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Finding the Molar Enthalpy of a Reaction with One Solid Product and One Gaseous Product
December 11, 2011 4:35 PM   Subscribe

This is a hypothetical chemistry question. I'm tutoring someone, and a question like this came up on their exam. There was no answer provided, so I don't know if the answer we found was correct.

Say you have some reaction that (when the limiting reactant has been exhausted) produces 2.5 moles of some solid and 5.2 moles of a gas. You find that the heat released by this reaction is 32.3 kJ.

How do you find the molar enthalpy of reaction? "Molar enthalpy" usually implies that you are finding the enthalpy per each mole of product that is produced- but what is the procedure with two separate products? Do you divide the heat produced by the moles of the gas, by the moles of the solid, or by the combined moles of both?

I have seen problems in which there was one solid product and one aqueous product; in that case, the aqueous product is ignored and the heat produced is divided by the moles of the solid precipitate. I don't think that the above case is the same as that.
posted by mondotwistedmojo to Science & Nature (7 answers total) 3 users marked this as a favorite
 
I wonder if the question's intent is to calculate the molar enthalpy of reaction for the reactant? It's kind of a weird question, but in that case the real thing that's being tested is knowing to reverse the sign on the heat.
posted by kagredon at 5:39 PM on December 11, 2011


I may be wrong here - but my answer would be to divide by the number of moles of the limiting reactant.
posted by NoDef at 5:39 PM on December 11, 2011


Assuming that there's a little rounding error, this is probably meant to be a 1:2 ratio. Assuming that the reaction would be balanced as such:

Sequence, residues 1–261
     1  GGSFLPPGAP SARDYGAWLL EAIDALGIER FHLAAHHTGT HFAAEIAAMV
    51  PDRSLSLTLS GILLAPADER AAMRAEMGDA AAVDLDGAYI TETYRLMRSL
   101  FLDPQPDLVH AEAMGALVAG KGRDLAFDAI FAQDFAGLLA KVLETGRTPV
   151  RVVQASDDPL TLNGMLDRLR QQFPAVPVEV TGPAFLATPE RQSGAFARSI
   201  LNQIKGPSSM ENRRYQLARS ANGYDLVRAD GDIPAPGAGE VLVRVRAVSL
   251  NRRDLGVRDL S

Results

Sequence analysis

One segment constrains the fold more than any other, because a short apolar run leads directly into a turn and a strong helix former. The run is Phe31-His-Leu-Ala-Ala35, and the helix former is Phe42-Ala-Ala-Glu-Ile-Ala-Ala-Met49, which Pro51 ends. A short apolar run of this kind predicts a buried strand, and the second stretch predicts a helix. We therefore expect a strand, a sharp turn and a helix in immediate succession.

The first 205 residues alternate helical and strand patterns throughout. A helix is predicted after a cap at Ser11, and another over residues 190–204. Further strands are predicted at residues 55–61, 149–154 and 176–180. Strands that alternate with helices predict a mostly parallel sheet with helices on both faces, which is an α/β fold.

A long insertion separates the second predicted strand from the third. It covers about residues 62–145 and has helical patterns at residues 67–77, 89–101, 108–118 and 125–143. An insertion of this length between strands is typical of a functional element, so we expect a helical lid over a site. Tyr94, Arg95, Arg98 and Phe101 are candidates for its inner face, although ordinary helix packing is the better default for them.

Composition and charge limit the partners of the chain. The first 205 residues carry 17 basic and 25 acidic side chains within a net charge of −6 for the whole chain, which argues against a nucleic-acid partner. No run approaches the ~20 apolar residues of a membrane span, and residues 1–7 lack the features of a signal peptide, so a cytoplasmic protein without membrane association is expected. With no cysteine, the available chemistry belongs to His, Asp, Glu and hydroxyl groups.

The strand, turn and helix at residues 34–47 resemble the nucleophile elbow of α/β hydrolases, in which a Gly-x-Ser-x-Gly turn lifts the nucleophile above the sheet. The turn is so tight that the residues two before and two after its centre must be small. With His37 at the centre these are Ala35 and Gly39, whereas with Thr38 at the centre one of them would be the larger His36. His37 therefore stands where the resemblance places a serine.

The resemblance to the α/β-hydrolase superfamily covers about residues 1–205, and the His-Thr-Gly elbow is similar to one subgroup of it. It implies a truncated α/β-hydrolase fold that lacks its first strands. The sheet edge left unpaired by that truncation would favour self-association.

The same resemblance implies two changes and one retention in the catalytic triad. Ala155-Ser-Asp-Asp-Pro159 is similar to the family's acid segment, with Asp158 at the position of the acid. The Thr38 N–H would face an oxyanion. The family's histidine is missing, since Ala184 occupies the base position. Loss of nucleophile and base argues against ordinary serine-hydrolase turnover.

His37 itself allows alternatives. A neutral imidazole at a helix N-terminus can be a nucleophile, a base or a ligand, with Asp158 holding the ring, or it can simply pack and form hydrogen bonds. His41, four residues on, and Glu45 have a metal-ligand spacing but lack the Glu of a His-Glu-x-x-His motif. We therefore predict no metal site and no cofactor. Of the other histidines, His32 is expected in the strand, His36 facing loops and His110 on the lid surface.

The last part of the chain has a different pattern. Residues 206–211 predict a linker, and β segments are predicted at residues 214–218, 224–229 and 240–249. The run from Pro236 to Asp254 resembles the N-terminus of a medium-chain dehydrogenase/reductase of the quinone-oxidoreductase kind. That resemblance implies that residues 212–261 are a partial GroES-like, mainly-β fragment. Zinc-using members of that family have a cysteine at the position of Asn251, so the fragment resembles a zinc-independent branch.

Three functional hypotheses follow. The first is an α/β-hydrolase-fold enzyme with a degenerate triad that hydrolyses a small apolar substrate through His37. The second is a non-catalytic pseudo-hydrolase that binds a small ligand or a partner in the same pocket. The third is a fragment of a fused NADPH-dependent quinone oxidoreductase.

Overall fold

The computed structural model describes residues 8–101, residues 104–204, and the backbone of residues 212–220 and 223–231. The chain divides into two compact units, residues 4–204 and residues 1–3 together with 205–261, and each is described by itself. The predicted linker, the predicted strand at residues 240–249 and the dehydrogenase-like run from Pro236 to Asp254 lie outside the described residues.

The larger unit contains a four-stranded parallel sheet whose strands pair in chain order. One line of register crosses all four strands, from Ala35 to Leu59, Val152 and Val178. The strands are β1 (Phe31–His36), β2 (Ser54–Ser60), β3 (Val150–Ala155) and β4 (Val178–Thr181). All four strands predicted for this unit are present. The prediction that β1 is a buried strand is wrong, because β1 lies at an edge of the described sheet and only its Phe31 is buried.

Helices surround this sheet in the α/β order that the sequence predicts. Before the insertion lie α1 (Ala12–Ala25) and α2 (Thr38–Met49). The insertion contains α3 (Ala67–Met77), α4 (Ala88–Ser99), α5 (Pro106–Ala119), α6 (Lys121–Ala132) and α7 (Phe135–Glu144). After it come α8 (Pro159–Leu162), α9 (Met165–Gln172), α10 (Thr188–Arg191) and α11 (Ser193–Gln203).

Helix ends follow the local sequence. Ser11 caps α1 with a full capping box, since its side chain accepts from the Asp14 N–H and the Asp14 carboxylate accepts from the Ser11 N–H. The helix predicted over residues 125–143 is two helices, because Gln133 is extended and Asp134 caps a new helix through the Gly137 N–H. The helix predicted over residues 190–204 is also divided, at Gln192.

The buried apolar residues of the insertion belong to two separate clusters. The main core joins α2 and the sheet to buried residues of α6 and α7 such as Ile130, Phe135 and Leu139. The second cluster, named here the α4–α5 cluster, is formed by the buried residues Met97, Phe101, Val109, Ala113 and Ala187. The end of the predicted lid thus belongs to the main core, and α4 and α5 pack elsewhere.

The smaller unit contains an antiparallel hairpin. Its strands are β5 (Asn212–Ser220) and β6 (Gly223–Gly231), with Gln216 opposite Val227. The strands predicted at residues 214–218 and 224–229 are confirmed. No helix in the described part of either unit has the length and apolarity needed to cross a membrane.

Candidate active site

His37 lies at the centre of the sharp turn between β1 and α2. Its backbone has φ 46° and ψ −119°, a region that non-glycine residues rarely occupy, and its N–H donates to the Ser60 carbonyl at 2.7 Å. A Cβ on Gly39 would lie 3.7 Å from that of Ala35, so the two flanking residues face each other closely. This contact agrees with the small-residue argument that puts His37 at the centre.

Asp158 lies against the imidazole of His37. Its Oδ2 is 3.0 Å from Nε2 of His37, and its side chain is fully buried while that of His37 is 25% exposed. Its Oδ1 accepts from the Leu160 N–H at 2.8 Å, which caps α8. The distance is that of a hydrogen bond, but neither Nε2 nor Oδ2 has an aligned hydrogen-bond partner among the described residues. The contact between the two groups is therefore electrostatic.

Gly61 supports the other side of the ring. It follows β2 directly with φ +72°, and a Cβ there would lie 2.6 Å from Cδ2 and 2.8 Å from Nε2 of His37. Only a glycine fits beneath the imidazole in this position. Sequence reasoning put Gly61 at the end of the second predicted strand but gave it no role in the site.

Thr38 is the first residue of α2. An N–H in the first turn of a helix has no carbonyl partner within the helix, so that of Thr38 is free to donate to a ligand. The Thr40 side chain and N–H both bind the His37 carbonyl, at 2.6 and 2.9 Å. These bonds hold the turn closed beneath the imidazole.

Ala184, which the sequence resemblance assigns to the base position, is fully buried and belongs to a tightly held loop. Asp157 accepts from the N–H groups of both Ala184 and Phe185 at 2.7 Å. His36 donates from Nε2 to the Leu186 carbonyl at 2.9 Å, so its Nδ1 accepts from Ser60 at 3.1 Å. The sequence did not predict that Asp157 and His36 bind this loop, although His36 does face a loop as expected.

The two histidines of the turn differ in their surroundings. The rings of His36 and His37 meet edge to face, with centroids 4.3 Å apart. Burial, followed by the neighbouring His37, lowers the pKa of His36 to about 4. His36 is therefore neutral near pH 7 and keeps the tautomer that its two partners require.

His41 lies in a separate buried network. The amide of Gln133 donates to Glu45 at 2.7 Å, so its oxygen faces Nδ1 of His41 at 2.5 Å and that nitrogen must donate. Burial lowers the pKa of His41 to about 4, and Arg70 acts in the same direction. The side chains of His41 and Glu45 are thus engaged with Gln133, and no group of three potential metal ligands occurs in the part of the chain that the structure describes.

Reactants --> A(s) + 2B (g)

Then deltaH= -32.3 kJ/ 2.6 moles or -32.3 / (5.2/2) moles, which is the same regardless of which product you use. Change in enthalpy is usually defined per mole of reaction, not per mole of any one substance, so you have to factor in the coefficients.
posted by Dr.Enormous at 5:44 PM on December 11, 2011 [2 favorites]


I'll also note that it's done this way even if you only had one product or one reagent--you divide the moles by the coefficient in the balanced reaction to get "moles of reaction", then use that as the "per mole" in the molar enthalpy.

This avoids precisely the issue that was throwing you off here--if you do it any other way, the same reaction can have different enthalpies depending on which compound you use, which makes no sense.
posted by Dr.Enormous at 6:43 PM on December 11, 2011


I'd guess that a gaseous component is included in the products to illustrate the fact that enthalpy is not simply heat, and that you have to add the energy necessary to do the work of expanding the reaction products against the ambient pressure of the environment to the heat when you calculate the enthalpy per mole.
posted by jamjam at 7:04 PM on December 11, 2011


[...] if you do it any other way, the same reaction can have different enthalpies depending on which compound you use, which makes no sense.

This depends on which pedantic academic formalism you are operating under. Sometimes you want, for convenience, to have the enthalpy per mole of limiting reagent or what not. Heats of combustion, for example, are usually tabulated per mole of fuel.

I've personally found that in my chemistry textbooks the enthalpy is per mole of reaction, but in my chemical engineering texts the enthalpy is usually given per mole of one of the reactants.
posted by selenized at 7:13 PM on December 11, 2011


chemical engineering texts the enthalpy is usually given per mole of one of the reactants.

This is usually done in cases where one reactant is always limiting under normal circumstances (combustion, as you mentioned), and the reaction is simply balanced using that reactant as 1. As such, it's still per mole of reaction, and is identical to doing it the other way.

jamjam: while technically true, I highly doubt that's the intention here. For one, there'd have to be more data given. For two, pretty much all chemistry texts operate under the assumption of work being zero unless something is basically telling you "account for work here" in big bold letters.
posted by Dr.Enormous at 8:51 PM on December 11, 2011


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